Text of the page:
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Enrico v. Goldsmith

Decided: January 10, 1990.


Pressler, Long and Landau. The opinion of the court was delivered by Landau, J.A.D.


This is an appeal by plaintiff Thomas J. Enrico from the denial of a motion to reconsider a post-divorce modification order. Enrico was divorced from defendant Carolyn Goldsmith (formerly Enrico) in 1981. There are two children, Randi, now age 19, and Pamela, now 15.

Enrico challenges the order which requires that he pay two thirds of Randi's college expenses up to $5,200 per year and 100% of those expenses in excess of $5,200, subject to a limited reduction in the amount of his support for Randi when she is attending a college with yearly costs in excess of $5,200. Enrico's 1987 gross income as a high school principal was $57,700. Both he and Goldsmith have remarried. Custody is nominally joint, but Goldsmith has primary custody of the children. She reported a gross income of $23,845 in 1987 from unspecified employment with a theatrical lighting company.

The original property settlement agreement, incorporated in the judgment of divorce, provided that Enrico should be involved in the children's lives, including matters such as education, health and social development. In accordance with the agreement, he paid $180 per week in child support, plus 75% of medical bills unreimbursed after coverage under his basic and major medical coverage. The agreement provided that:

The husband and wife shall consult upon the higher form of education to be attended to by each child. The parties agree that their own financial situation shall be taken into account, and each party agrees, that to the extent of his or her financial ability, to contribute to the cost of same, that they shall do so. The financial ability to pay and to contribute shall be determined at the time the need arises.

The present issue arose when Enrico moved for an order appointing a family counselor to "attempt to enable the parties and . . . [Randi] to discuss the child's attendance at college, choice of college and; other relevant details . . .," to set forth the respective responsibility of each party for college costs, and to allocate his own support obligation towards Randi's college expenses.

Although Randi's final college choice, and consequently the projected expenses, fluctuated during the course of the proceedings below, it appears clear that her college costs are about $10,000 per year. Enrico originally sought an order directing Randi to apply to a lower cost state college (See, e.g., Nebel v. Nebel, 99 N.J. Super. 256 (Ch.Div.1968), aff'd 103 N.J. Super. 216 (App.Div.1968)), but this issue has not been pursued on appeal. Randi now attends Southern Connecticut University, and the order which the trial judge declined to materially modify provides for Enrico to pay two thirds of Randi's college costs up to $5,200, plus 100% of the excess college cost. The latter condition was partially offset by reducing Randi's weekly support from $90 to $45. There was a modification requiring Randi to apply for scholarship and loan aid.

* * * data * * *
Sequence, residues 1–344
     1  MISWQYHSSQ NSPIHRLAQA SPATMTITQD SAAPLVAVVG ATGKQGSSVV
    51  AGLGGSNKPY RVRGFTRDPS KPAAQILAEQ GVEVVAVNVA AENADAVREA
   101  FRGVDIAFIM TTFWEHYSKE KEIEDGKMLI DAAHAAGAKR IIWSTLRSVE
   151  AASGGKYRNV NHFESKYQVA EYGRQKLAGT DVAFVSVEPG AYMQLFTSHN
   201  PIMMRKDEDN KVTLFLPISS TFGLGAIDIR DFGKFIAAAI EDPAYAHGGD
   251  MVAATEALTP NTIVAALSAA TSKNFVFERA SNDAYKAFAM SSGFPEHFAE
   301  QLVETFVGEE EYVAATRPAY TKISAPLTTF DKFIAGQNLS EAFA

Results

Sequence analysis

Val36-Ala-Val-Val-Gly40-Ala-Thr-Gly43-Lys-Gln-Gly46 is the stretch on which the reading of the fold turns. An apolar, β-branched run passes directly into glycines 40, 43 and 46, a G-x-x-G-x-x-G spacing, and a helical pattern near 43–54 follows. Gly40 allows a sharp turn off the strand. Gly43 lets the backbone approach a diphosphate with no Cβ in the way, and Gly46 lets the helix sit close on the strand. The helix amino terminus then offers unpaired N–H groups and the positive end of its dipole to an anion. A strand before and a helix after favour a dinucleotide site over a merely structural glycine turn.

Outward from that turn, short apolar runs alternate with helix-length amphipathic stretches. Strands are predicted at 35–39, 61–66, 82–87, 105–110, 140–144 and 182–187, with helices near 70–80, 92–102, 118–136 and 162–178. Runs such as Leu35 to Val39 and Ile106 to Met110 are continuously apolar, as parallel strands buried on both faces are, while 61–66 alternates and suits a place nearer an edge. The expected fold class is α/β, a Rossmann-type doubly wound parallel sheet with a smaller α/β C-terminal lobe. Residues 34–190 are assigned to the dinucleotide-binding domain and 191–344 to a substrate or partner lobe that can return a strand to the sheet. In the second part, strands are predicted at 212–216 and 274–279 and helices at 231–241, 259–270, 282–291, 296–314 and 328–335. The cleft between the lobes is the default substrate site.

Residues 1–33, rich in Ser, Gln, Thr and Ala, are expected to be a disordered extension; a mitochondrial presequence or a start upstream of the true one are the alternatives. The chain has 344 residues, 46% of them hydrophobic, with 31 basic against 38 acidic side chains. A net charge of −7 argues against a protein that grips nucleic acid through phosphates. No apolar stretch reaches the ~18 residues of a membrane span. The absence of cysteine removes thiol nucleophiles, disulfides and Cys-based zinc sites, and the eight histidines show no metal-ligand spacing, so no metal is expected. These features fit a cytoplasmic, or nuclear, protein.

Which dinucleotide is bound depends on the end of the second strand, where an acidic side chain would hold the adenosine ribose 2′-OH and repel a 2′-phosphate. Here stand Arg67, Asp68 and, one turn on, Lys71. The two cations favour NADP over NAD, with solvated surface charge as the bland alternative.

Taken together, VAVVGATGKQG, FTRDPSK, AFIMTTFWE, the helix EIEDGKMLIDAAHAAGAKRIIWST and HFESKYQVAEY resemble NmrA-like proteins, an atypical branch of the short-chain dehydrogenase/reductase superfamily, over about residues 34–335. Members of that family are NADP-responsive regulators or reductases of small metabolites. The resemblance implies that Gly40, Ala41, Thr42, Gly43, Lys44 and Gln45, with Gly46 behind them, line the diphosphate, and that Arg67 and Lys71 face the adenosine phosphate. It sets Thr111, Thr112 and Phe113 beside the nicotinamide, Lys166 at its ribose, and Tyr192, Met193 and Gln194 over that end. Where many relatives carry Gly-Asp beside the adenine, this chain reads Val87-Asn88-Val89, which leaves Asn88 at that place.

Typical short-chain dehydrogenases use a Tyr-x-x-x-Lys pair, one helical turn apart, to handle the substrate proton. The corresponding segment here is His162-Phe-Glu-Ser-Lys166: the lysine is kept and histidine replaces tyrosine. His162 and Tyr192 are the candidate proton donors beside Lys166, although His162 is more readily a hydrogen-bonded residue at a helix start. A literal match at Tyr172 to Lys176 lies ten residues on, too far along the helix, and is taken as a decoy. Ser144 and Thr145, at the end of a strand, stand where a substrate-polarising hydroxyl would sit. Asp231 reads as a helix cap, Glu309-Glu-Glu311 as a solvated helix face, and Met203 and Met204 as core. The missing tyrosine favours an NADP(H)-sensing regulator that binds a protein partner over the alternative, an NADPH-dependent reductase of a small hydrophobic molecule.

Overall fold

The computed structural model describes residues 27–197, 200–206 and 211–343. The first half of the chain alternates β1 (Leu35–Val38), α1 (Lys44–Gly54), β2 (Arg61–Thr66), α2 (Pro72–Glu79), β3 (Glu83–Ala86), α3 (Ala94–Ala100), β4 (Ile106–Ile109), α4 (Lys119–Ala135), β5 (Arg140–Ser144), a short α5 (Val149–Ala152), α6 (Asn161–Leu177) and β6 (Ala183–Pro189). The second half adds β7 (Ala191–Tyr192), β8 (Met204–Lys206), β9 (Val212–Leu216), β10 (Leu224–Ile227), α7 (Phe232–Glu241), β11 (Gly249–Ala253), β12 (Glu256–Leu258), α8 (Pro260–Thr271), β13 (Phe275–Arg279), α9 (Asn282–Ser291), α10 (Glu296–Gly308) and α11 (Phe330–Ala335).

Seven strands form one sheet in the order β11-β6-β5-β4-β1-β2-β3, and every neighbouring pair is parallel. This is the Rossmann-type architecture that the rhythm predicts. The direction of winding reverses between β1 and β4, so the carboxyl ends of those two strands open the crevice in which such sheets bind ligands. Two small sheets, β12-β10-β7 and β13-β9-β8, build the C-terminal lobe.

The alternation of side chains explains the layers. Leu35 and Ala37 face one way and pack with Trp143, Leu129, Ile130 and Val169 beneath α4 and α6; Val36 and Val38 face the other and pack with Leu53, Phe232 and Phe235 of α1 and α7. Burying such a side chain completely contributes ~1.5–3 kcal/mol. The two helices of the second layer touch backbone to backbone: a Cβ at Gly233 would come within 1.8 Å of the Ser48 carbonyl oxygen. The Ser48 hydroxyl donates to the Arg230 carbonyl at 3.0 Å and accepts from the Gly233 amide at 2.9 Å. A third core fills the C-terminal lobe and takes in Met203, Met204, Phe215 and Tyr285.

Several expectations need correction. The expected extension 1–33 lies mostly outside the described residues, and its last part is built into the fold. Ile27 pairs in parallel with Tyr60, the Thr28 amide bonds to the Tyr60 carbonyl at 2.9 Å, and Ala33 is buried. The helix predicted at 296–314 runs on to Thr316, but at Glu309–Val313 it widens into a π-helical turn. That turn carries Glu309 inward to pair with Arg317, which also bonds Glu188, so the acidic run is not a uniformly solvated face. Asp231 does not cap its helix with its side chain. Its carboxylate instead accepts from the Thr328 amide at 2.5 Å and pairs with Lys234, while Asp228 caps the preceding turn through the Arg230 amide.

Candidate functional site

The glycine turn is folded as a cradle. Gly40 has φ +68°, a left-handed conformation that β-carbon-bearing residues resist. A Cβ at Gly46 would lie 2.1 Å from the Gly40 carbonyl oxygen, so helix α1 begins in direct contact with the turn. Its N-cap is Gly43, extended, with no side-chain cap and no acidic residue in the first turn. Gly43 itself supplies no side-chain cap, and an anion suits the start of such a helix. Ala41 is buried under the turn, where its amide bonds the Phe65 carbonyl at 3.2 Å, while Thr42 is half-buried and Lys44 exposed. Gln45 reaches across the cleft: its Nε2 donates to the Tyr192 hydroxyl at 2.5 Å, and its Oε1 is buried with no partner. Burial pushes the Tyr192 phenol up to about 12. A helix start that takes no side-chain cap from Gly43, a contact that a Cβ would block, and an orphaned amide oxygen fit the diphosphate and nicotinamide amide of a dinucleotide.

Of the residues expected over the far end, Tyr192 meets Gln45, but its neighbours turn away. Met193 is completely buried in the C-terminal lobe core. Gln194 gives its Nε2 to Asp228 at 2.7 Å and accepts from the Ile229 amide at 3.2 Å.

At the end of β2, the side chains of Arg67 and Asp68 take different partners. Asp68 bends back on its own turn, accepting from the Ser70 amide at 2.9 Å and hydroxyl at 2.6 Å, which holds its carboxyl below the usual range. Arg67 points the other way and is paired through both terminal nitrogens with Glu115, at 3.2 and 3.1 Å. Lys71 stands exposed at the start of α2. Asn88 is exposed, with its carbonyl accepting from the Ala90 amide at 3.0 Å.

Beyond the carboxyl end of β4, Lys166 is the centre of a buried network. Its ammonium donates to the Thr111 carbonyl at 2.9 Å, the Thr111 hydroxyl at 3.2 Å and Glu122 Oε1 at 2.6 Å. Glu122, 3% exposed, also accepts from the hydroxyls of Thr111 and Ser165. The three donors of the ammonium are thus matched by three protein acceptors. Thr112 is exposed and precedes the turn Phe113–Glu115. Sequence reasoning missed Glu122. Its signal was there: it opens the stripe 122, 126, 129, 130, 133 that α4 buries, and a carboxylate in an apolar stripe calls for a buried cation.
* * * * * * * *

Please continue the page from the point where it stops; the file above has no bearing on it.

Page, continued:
Enrico submitted financial information which showed a net worth of about $3,000. He complained of Goldsmith's failure to submit information as to her assets which include ownership of a late model Mercedes Benz and half interest in a $400,000 residence and a shore vacation home. Goldsmith argued that the extent of her assets should not be a factor in determining where to place the principal burden of paying for Randi's college costs. She pointed to the fact that even when Enrico's support payments were added to her available income, and deducted from his income, she earned one third less than he.

Accordingly she urged that two thirds of Randi's college expenses should be paid by Enrico, and that neither party should be required to sell assets to finance a child's college costs.

While recognizing that the earnings of Goldsmith's present husband should not be considered when fixing her contribution to child support, Enrico complained that her declared annual expenses included substantial payments on the Mercedes and that her residential mortgage payments were directly attributable to the husband's substantial lifestyle. But for that costly lifestyle, Enrico urged, Goldsmith would have substantial funds available to assist in meeting Randi's college costs, notwithstanding income differential.

On appeal Enrico notes that although Goldsmith had herself requested a two thirds/one third allocation of Randi's education expenses, the result of the present order is to impose an even more disproportionate burden upon him because the $45 weekly support reduction is far less than the impact of paying 100% of all college expenses over $5,200. He argues that the trial judge made no findings of fact in fixing the college expense obligation, that it was error not to consider Goldsmith's substantial net assets when making the allocation, and that, in these circumstances, requiring him to contribute over 40% of his income toward child support was an abuse of discretion. He further contends that a plenary hearing should have been conducted respecting the parties' assets and ability to pay. Enrico further requests that we exercise original jurisdiction to ...

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